Walterboro, South Carolina

A Weekend in Walterboro, South Carolina

Welcome to The Front Porch of the Lowcountry

By Cele & Lynn Seldon

With the arrival of spring, we like to plan a weekend away to get back outside. As the trees are blooming and the birds are nesting, we too embrace the change of season. This spring, we found our annual reboot in Walterboro, The Front Porch of the Lowcountry.

Located just 50 miles west of Charleston, Walterboro is a world away from the hustle of the city. With a population of just over 5,000 people, we were surprised to discover the abundance of arts, history and charms Walterboro offers for a perfect weekend getaway.

South Carolina Artisans Center

Made in Walterboro

We arrived Saturday and headed straight for the Colleton Museum & Farmer’s Market complex. The market is open seasonally on Saturday mornings and Tuesday afternoons, so on this sunny day we got to explore the agricultural bounty of the area. In addition to Lowcountry produce, honey and baked goods, the market features the work of local artisans. Attached to the farmers market is the renowned Colleton Museum. So while we were there we popped in to see the exhibits and artifacts recounting the area’s ties to the Revolutionary War, Civil War and plantation life.

For our first nosh of the trip, we found our way to the adjacent Marketplace Café—open for lunch Tuesday through Saturday featuring sandwiches, salads and baked goods made at the Colleton Commercial Kitchen next door. Welcoming sauce and jam makers, bakers and food truck operators, the kitchen is available for rent so local vendors have a place to work their magic. Many of the products we tried were made in the kitchen, like Kyle & Nick’s Lowcountry Sauces and Burnt & Salty condiments. Other regional items such as Lavington Farms Charleston Gold rice and Ace Basin Milling Company grits are sold in the cafe.

With full bellies, we walked a block to the South Carolina Artisans Center to immerse ourselves in the artistic hub of the Palmetto State. Housed in an eight-room Victorian cottage, the center features more than 350 juried artists from around the state. The pottery, basketry and art there, we learned, preserved many folk art traditions of South Carolina.

On this sunny day we explored the agricultural bounty of the area.

We then strolled on the oyster-shell tabby sidewalk of Washington Street through the Downtown Antique District. From upscale Bachelor Hill and massive Antiques & Collectibles to charming boutiques The Painted Pineapple and Twig, we could have spent the entire day shopping.

But the sun began to set so we headed to our home away from home for the night. The Hampton House Bed & Breakfast is a charming 1912 mansion in the heart of downtown. We were welcomed by the proprietors and shown to our lovely guestroom, complete with canopy bed and period furnishings. After getting settled, we were back on our feet for a stroll to Carmine’s Trattoria. All this exploration works up an appetite!

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A day of discovery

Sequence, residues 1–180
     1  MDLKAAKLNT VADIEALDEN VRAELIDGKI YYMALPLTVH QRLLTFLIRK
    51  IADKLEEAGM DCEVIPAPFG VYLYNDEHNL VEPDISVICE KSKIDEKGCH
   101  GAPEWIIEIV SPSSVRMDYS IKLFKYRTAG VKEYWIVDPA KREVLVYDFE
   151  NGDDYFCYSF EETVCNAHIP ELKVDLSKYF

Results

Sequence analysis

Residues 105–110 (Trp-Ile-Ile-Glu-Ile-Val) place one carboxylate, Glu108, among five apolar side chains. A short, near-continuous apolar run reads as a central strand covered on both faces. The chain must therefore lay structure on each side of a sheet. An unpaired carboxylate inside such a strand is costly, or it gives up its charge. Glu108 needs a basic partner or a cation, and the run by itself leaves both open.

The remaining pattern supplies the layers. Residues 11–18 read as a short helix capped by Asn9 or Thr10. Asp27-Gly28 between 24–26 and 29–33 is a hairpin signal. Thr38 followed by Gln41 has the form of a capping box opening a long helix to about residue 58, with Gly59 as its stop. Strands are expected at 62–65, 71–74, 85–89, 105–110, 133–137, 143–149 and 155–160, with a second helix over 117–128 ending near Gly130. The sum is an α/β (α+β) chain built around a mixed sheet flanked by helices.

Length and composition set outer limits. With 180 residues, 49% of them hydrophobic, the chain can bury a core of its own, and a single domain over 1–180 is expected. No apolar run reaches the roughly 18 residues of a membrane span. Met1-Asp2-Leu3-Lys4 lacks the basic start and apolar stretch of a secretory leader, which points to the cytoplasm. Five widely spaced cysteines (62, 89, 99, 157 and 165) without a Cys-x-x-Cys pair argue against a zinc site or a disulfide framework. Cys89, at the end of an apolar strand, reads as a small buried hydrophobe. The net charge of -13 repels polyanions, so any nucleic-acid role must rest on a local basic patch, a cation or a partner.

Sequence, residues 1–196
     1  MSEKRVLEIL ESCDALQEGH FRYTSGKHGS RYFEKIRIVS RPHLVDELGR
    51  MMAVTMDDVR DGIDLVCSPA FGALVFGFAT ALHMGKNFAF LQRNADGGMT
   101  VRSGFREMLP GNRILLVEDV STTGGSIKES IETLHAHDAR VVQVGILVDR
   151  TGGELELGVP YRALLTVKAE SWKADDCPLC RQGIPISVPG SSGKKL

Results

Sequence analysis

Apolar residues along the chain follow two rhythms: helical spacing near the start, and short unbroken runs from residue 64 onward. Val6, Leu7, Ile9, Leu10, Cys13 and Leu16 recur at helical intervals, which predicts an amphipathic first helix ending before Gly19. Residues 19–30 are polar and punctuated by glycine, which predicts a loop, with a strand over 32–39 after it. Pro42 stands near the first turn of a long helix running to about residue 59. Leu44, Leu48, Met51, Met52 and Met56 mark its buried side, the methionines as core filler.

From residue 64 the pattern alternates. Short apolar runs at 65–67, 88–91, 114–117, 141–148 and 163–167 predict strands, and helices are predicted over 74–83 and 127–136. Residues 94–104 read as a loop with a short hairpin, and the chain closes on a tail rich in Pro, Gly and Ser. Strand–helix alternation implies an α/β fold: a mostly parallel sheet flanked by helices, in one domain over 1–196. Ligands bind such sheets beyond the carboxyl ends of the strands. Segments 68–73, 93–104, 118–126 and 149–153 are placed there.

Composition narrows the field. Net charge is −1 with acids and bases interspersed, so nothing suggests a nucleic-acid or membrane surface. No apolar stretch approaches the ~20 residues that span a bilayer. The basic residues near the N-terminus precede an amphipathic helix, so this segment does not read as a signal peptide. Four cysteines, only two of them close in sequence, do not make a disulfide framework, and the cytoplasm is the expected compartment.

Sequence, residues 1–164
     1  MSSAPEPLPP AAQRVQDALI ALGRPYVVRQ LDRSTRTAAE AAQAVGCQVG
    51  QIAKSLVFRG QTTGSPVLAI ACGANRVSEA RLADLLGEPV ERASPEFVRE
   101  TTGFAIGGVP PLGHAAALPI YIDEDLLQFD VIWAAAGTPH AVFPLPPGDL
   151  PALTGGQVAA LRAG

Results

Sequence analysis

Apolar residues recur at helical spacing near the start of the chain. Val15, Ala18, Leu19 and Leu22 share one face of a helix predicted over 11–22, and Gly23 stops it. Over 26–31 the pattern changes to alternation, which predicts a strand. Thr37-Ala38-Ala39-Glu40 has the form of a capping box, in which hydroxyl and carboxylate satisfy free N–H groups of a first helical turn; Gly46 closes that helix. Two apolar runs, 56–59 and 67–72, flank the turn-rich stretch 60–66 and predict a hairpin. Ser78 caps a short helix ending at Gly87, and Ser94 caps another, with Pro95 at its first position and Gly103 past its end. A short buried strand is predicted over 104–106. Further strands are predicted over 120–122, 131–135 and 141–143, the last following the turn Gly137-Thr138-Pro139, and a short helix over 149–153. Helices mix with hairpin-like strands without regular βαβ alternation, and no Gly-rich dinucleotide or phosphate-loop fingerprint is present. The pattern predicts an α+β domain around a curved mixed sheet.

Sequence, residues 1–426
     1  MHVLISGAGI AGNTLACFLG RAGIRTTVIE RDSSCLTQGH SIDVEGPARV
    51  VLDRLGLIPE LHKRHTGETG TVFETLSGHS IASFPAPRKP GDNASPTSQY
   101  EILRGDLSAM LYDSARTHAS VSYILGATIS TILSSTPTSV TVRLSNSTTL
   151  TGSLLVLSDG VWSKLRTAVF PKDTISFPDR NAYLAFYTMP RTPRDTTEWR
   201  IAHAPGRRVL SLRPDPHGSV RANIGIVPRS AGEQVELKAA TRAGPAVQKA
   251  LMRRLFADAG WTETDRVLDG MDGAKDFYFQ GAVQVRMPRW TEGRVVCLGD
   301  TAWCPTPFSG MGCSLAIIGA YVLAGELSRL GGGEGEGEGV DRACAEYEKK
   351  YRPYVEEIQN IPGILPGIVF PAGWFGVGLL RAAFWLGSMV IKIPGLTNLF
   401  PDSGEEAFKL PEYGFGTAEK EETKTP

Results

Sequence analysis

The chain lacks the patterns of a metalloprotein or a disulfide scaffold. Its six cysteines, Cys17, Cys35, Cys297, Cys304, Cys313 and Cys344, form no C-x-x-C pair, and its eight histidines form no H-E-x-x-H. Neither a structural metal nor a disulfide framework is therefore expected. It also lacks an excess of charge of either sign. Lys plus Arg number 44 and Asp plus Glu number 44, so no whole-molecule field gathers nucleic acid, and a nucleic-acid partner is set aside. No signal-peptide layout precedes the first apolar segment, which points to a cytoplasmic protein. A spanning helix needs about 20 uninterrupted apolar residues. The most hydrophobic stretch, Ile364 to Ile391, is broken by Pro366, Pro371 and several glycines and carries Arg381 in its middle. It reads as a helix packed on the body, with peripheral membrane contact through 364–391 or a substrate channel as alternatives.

After a hearty breakfast and a tour of the B&B’s vintage dollhouse collection, we were eager to get back outside to the stunning spring morning and get to the place we had come here to see. Just on the edge of downtown—and only three minutes from I-95—we arrived at Walterboro Wildlife Sanctuary.

Part of the ACE River Basin made up by the Ashepoo, Combahee and Edisto Rivers, the sanctuary features a hardwood swamp flat surrounded by a network of braided creek swamps accessible to the public. Outdoor activities abound on boardwalks, bridges and more than four miles of trails, as well as canoe and kayak exploration along the meandering creek.

We started out at the new Walterboro Wildlife Center for an introduction to the outdoor wonderland with interpretive exhibits explaining the importance of swamps and native habitats in the Lowcountry, along with displays of the many species of plants and animals that we would see just outside.

Outdoor activities abound on boardwalks, bridges and more than four miles of trails.
Walterboro Wildlife Sanctuary

We wandered the trails of the Sanctuary, exploring the Spanish moss-draped live oaks, cypress knees, wildflowers and other Lowcountry phenomena that made us fall in love with this part of the country years ago. We walked along segments of the old Charleston-to-Savannah Stagecoach route, our eyes peeled for wild turkey, deer, beaver, mink and fox. We spotted many of the 80 species of birds that make their home in the sanctuary, along with ducks in the duck pond and butterflies in the butterfly garden.

Feeling renewed and excited for the short-sleeves weather on its way, it was time to head back home. But not before we checked two more bucket-list items off the list. One: a photo opp at the giant red rocking chair, Walterboro’s “front porch” signature. And two: a barbecue buffet lunch at Dukes. Great food, friendly locals and sweet tea was the perfect Southern way to conclude our getaway to The Front Porch of the Lowcountry.

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